Major depressive disorder (MDD) is a disease with huge societal burden and mortality, yet many patients suffering from this disease are not helped by current treatment options. Most antidepressants modulate neurochemicals called “monoamines” such as serotonin, norepinephrine and dopamine. Recently, the anesthetic medication ketamine, which may act by affecting very different neurotransmitter systems such as glutamate, has been “repurposed” as an antidepressant, since, when used at low doses, it has strong antidepressant properties. Thus ketamine, with a unique mechanism of antidepressant action, has opened alternative treatment options for tens of thousands of MDD patients. Our team was curious whether another neurotransmitter, acetylcholine, might enable us to treat MDD. Acetylcholine is increased by the commonly-used dementia drug Aricept (donepezil) and Dr. Paul Fitzgerald, along with Dr. Brendon Watson, formed the hypothesis that similar to ketamine, low doses of Aricept might have antidepressant properties not present at the standardly-used doses.
To explore the possibility that Aricept has antidepressant properties, Dr. Watson, Assistant Professor in the U-M Psychiatry Department, and his co-workers carried out a study in which mice were administered this drug at both standard and lower doses. They found that at low doses, Aricept induced behavior similar to other conventional antidepressants such as SSRIs, as well as ketamine. Interestingly, the therapeutic effect was only present at doses of Aricept much lower than those typically used, whereas a higher dose promoted depression-like behavior. Previous rodent studies of this class of drugs had largely reported depression-promoting effects, so the current findings underscore the importance of using low doses. Further, these findings raise the possibility that Aricept could have antidepressant properties in humans suffering from MDD, which would have to be explored in clinical studies but could create another pharmacological option in a disorder that does not always respond adequately to existing therapeutics.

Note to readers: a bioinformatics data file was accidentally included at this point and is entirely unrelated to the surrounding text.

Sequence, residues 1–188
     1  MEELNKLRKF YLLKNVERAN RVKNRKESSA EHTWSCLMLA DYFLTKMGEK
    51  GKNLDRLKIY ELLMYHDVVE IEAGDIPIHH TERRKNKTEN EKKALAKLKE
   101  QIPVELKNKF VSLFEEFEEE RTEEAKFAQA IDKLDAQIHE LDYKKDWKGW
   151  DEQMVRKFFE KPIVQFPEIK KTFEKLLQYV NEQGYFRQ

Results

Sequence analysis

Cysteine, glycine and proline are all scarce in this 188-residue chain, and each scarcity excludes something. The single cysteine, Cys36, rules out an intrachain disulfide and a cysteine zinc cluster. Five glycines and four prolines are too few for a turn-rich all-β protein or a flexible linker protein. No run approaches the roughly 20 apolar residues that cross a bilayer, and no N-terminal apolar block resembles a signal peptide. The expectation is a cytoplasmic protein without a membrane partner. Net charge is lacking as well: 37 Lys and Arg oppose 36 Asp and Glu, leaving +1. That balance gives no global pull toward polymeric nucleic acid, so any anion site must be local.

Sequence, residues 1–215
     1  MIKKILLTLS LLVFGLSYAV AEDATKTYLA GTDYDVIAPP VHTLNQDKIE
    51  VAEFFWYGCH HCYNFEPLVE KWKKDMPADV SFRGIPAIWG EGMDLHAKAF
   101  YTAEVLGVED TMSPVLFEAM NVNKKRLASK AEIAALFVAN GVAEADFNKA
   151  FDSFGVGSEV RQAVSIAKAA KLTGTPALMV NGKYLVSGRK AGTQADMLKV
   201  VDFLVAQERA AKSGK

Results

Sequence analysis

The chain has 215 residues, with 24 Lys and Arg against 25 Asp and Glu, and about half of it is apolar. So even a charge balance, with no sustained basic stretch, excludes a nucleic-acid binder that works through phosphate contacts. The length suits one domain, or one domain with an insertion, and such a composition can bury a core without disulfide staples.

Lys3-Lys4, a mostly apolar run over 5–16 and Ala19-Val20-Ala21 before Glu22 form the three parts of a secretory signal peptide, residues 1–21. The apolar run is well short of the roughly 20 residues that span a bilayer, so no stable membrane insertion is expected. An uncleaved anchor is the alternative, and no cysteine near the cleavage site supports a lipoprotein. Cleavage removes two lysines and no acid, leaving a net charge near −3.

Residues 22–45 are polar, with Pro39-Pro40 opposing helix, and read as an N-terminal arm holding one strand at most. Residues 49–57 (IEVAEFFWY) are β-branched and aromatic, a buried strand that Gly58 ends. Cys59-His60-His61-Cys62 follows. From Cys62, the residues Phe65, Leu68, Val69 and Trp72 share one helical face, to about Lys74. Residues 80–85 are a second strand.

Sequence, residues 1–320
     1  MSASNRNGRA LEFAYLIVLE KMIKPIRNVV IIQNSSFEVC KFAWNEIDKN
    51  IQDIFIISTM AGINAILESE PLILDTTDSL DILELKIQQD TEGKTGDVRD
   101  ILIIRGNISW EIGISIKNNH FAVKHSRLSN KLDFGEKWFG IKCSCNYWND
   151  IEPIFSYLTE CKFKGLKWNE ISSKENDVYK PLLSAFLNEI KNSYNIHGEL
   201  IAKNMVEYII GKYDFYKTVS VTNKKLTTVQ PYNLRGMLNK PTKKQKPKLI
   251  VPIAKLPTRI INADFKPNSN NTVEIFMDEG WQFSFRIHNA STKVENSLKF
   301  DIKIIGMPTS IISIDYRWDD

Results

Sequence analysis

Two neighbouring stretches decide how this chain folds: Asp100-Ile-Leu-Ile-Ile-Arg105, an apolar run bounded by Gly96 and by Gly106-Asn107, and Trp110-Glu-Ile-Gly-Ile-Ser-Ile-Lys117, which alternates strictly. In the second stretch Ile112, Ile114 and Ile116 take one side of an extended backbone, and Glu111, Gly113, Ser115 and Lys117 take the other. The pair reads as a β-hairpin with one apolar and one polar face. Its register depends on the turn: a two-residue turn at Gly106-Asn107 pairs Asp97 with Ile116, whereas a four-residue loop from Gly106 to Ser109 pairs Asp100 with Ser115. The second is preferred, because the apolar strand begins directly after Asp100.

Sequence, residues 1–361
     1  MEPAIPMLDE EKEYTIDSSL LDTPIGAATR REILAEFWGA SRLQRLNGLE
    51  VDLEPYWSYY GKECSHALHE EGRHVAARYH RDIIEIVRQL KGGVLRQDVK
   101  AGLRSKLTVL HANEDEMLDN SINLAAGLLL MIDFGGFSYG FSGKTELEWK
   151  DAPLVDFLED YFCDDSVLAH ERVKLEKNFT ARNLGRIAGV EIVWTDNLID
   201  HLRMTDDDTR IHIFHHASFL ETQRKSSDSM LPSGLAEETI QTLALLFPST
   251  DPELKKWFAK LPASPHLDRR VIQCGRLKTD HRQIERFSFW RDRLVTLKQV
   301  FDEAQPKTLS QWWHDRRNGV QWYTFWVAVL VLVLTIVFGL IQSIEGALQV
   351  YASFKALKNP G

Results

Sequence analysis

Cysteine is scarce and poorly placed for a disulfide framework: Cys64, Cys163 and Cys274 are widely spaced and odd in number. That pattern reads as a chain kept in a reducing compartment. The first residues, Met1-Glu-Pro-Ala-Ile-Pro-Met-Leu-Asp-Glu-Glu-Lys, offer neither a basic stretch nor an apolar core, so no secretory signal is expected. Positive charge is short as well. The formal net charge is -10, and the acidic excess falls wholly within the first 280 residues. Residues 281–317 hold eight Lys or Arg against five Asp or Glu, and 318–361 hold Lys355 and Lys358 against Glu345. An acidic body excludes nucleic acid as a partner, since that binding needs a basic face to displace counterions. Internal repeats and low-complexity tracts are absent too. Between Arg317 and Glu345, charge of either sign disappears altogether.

Dr. Watson pointed out that “a major advantage would be that based on these findings it might be possible to treat depression using Aricept doses below those already FDA-approved for other conditions, greatly smoothing the pathway to potential use of this treatment.”
This research was funded by a University of Michigan Depression Center STAR award.
Fitzgerald, P.J., Hale, P.J., Ghimire, A., Watson, B.O. The cholinesterase inhibitor donepezil has antidepressant-like properties in the mouse forced swim test. Transl Psychiatry 10, 255 (2020). https://doi.org/10.1038/s41398-020-00928-w